Fleming and Henton acknowledge that St. Louis might seem like the odd region out when compared to the other pilot areas.

"I describe St. Louis as the new player on the block in this field, particularly compared to the other three communities that the Rockefeller Brothers Fund has selected,'' Fleming said.

He noted that Derek Douglas, President Barack Obama's special assistant for urban affairs, seemed to be particularly interested in St. Louis during a recent White House briefing on the Climate Prosperity Project.

"He said, 'I want to hear more about St. Louis because if St. Louis is stepping up to this issue, and if there's traction on this issue in a Midwest industrial city, then that's significant nationally because we already expect that of Denver and Portland and Silicon Valley. It's significant to us that a community like St. Louis is beginning to see the potential of this.' ''

Henton said the profile helps to identify potential strengths in existing segments of the region's economy that can be expanded.

While the use of wind and solar energy might be emphasized in Denver or Portland, St. Louis might, instead, be focused on the manufacturing end: producing the components for wind turbines or solar panels.

"I think it opens up the opportunity to think differently about how St. Louis could be a player in the coming green economy,'' Henton said.

An upside for St. Louis

Fleming said that in addition to the green economy profile, the RCGA is working with 60 local companies to save costs by reducing energy cost and consumption through the Green Business Challenge, a partnership with the Missouri Botanical Garden. The RCGA is also partnering with local Workforce Investment Boards in developing green jobs training.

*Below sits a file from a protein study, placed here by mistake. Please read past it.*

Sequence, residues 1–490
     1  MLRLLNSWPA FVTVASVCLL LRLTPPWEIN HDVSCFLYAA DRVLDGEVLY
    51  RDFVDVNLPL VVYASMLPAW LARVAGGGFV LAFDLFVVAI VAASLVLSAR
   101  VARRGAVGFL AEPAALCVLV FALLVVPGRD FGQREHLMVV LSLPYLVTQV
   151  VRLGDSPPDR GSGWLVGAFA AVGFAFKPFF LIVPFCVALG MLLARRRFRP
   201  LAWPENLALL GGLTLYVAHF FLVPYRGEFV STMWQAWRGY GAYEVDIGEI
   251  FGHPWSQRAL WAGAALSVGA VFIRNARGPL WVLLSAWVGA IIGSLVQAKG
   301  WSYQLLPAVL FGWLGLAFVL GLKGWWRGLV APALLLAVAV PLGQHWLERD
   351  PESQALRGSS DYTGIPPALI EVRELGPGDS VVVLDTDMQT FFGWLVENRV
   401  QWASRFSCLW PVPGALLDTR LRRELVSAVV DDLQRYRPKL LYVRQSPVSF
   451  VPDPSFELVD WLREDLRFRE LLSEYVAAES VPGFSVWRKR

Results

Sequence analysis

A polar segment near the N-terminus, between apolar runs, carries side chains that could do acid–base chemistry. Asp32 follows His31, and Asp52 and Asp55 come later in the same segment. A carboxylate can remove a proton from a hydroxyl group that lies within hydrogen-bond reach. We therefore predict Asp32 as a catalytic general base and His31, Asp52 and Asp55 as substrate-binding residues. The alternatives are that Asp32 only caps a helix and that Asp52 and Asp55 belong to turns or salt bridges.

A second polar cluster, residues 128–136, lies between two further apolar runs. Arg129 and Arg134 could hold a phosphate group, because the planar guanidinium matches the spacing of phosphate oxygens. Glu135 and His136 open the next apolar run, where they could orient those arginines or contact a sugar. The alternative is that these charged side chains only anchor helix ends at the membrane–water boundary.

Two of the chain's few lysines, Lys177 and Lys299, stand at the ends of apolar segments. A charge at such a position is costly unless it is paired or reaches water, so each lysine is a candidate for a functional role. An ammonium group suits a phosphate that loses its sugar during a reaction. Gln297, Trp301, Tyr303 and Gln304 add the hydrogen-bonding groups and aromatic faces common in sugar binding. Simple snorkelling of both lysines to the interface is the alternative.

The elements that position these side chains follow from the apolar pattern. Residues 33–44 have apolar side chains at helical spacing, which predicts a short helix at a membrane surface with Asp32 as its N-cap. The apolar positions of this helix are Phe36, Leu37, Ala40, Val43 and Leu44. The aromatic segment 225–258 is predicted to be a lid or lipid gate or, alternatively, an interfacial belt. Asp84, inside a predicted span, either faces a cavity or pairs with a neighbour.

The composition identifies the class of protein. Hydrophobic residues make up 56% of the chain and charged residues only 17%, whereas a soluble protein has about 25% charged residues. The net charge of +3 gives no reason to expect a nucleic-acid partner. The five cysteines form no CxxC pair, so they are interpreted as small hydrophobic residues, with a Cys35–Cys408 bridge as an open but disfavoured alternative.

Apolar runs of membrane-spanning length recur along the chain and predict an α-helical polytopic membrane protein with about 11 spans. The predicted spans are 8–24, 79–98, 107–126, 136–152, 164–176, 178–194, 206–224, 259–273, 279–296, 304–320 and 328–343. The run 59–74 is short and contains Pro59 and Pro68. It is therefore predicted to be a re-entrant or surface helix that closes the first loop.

"The encouraging thing that comes out of the study is that we thought we were starting from scratch and, in fact, we have a pretty substantial base on which to build,'' Fleming said.

Fleming said that it is a telling sign that 1,000 green jobs were added during the overall economic downturn. (According to the St. Louis Federal Reserve, 73,500 jobs were lost in the St. Louis area between February 2008 and June 2010.)

"It is primarily a function of the market beginning to respond to what is clearly need and an opportunity,'' Fleming said. "The whole concept is a marketplace concept. It's not about regulation, cap and trade or all the politics everybody's fighting over. It's about how do we deal with what we think is a real challenge but is also an economic opportunity.''

Fleming pointed to the coal industry as an example of how local companies are changing and adapting to environmental concerns and issues in the marketplace.

"We see that for all of the criticism that coal gets, the fact that we have the three largest coal companies in the world headquartered in St. Louis and each are putting millions of dollars into alternative technologies for coal -- we see that as an example of the marketplace, and as the climate issue, as well,'' he said.

Fleming acknowledges a passion for the Climate Prosperity Project, which he chairs nationally.

"Much of this is new to me,'' he said. "By definition we haven't historically focused in depth in this area, but the more I see, the more I'm convinced that this is a tremendous upside opportunity for St. Louis."